Nicole Garcia created and donated a religious stole to the National LGBTQ Task Force’s Shower of Stoles, which is celebrating its 20th anniversary of telling the stories of LGBTQ people of faith. Click here to see how you can bring the Shower of Stoles project to your community.
On Friday, as we celebrated Good Friday, I wore my new cassock and preached at Mount Calvary Lutheran Church in Boulder, Colorado. Thirteen years ago I would have laughed if anyone told me I would ever write that sentence and actually meant it.
The Holy Spirit has a really quirky sense of humor.
In April of 2003, I was early in my gender transition when I walked into the sanctuary of St. Paul Lutheran Church. I was terrified that the people would just point and laugh at the man in a dress—but they didn’t. They asked me if I wanted coffee and invited me back.
The people of St. Paul gave me a place to celebrate my faith in Jesus Christ as my Savior and Lord. The first visit to St. Paul Lutheran Church would be the beginning of a new incredible journey of faith.
In my teens and early twenties, I was a devout Catholic. When I was 18, I began a conversation with one of the priests about Holy Orders, but my mother and grandmother insisted I not pursue that life, so I went to University of Colorado Boulder for my undergraduate degree.
By the time I graduated from college, I turned away from the church.
I rebelled against the patriarchy and hierarchy of the church, but I still believed in God. I was not sure what God was up to—so I decided God could do what God did without me, for I thought God had abandoned me.
I prayed and prayed for God to fix me. I had these feelings of not fitting in. I didn’t feel like a man, instead I felt like I was a woman and dressed as a woman as well. I begged God to rid me of those feelings, but to no avail. So if God hated me that much, I had no use for God.
I spent most of the 1980s wandering around Boulder as a lost child. I drank copious amounts of alcohol. By the end of the decade, I found myself praying to the “porcelain god” in detox. I couldn’t figure out what had gone so terribly wrong.
I sobered up and threw away all my women’s clothes.
Within four years, I had a job in retail management and married a beautiful woman. In 1996, I became a law enforcement officer for I was sure wearing a uniform and carrying a gun would make me a man. Unfortunately, the facade took a toll on my emotional well-being. I started drinking again.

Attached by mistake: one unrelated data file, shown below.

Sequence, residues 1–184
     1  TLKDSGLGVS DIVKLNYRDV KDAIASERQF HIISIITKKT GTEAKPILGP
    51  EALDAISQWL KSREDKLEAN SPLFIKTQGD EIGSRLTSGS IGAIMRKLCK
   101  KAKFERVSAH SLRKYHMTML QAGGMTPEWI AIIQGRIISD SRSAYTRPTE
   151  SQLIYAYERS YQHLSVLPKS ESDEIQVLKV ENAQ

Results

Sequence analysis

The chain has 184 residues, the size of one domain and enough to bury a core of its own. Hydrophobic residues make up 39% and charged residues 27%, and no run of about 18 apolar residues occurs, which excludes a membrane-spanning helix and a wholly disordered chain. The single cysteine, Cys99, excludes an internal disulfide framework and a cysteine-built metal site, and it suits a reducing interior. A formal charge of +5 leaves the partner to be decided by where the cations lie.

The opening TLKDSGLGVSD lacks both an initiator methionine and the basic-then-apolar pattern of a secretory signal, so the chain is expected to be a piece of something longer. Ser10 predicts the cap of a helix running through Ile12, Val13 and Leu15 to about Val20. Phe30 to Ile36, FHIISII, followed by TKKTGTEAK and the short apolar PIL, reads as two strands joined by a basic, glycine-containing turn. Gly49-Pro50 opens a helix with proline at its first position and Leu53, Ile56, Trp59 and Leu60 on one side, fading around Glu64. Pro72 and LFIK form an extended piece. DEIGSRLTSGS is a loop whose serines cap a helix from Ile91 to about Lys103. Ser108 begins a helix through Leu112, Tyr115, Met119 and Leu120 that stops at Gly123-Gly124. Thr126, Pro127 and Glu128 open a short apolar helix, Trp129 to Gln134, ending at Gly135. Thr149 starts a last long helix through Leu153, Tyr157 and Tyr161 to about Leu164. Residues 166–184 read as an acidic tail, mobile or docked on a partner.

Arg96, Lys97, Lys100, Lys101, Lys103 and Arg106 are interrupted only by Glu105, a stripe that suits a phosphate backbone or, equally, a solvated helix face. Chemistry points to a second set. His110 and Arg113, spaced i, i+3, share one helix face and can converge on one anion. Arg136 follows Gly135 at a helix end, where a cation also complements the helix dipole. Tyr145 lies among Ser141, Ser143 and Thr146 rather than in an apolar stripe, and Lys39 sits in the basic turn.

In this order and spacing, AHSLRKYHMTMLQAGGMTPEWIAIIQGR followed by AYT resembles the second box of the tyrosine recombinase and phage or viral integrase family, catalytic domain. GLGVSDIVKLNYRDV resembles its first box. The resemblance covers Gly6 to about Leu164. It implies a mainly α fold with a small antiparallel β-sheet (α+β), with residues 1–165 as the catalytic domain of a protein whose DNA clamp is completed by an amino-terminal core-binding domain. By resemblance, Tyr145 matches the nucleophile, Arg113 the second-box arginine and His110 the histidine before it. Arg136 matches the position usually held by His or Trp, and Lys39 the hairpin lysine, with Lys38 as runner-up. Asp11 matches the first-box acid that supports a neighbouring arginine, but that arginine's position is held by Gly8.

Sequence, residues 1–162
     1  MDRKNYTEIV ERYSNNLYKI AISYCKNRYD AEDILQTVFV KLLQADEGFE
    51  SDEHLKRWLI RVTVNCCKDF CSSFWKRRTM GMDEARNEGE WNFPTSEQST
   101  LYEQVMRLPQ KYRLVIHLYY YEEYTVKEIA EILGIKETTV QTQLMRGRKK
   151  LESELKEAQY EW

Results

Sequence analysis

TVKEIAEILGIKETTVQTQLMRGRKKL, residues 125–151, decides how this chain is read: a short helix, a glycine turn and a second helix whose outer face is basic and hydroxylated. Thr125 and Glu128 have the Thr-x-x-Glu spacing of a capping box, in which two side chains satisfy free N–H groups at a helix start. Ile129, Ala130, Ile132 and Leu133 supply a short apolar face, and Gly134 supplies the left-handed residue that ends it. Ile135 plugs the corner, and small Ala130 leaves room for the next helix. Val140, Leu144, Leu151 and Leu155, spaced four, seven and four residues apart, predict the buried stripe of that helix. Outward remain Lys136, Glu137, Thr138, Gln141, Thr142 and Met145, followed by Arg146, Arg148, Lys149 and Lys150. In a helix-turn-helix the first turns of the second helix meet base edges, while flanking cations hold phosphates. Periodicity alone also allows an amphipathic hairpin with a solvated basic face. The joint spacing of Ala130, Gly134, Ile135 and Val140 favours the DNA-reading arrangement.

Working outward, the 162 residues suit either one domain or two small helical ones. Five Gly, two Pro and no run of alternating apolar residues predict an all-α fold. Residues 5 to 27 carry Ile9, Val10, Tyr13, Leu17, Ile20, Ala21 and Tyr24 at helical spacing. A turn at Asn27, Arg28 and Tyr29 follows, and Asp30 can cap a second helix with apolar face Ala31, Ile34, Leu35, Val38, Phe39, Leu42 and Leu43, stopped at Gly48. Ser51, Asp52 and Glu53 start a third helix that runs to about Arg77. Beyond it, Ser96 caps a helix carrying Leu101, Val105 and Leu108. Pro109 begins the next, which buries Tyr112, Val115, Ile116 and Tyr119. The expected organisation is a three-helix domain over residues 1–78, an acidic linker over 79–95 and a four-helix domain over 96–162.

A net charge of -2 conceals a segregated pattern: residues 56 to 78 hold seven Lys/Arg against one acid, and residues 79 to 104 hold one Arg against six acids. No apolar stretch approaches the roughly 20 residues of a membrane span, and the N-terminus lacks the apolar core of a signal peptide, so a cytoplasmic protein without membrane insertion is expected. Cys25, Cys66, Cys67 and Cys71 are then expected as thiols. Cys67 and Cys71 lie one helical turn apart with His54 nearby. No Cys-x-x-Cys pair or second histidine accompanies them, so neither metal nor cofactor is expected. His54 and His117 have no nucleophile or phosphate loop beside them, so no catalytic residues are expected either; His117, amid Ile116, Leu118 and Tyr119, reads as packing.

After eight years of marriage, my wife decided she no longer wanted to be shackled to an angry and intoxicated spouse. I blamed her for all my despair, so I quickly agreed to the divorce. But it wasn’t long before I realized I walked away from a beautiful wife, a house, and a new car.
Why in the world was I miserable enough to walk away from that life? At the same time, I began to consider suicide, but I knew I couldn’t take my own life. I turned back to Jesus. I didn’t whimper a plea for help, I demanded help.
I told God if I came back into the fold, so to speak, God better step up and help.
Within a few weeks, I was in therapy. Somehow I got the guts to tell my therapist I felt I was a woman. She suggested a support group and I went. I found people who had the same feelings I had. I told one of my new friends about my deal with God and I was searching for a new spiritual community. She told me about this open and welcoming community, I went to a service, and I was hooked.
As I prepared my Good Friday sermon, I had been reading and re-reading the 18th and 19th chapters of the Gospel of John, and I realized my suffering doesn’t compare to the agony my Lord Jesus Christ endured. But I am comforted by the fact that Jesus can understand what is like to live on the margins of society and what it is like to be persecuted for being different.
Jesus persevered and transcended the oppression. I know my Lord, Jesus Christ has been with me and guided me for it is a mystery how I was given the courage and strength to begin a journey toward ordination. Yes, early in my transition I found a new home in my Lutheran faith, but I had no idea I would ever become a seminary student and be allowed to wear a cassock.
As Christians–particularly LGBTQ Christians–all across the world prepare to celebrate Easter, I reflect on the Gospel of John and my eyes fill with tears when I read the stories of so many of my transgender siblings. So many suffer and die because they are not accepted as beautiful children of God.
My heart aches for the pain so many have to endure, for we have the ability to end suffering through love.
Jesus died on the cross to end our pain. When Jesus walked out of the tomb, he showed us the power of love. Jesus died to destroy death and he gave us the power to show us how much he loves each and every one of us and we, in turn, must love and help each other.
Header Photo by Lori J Photography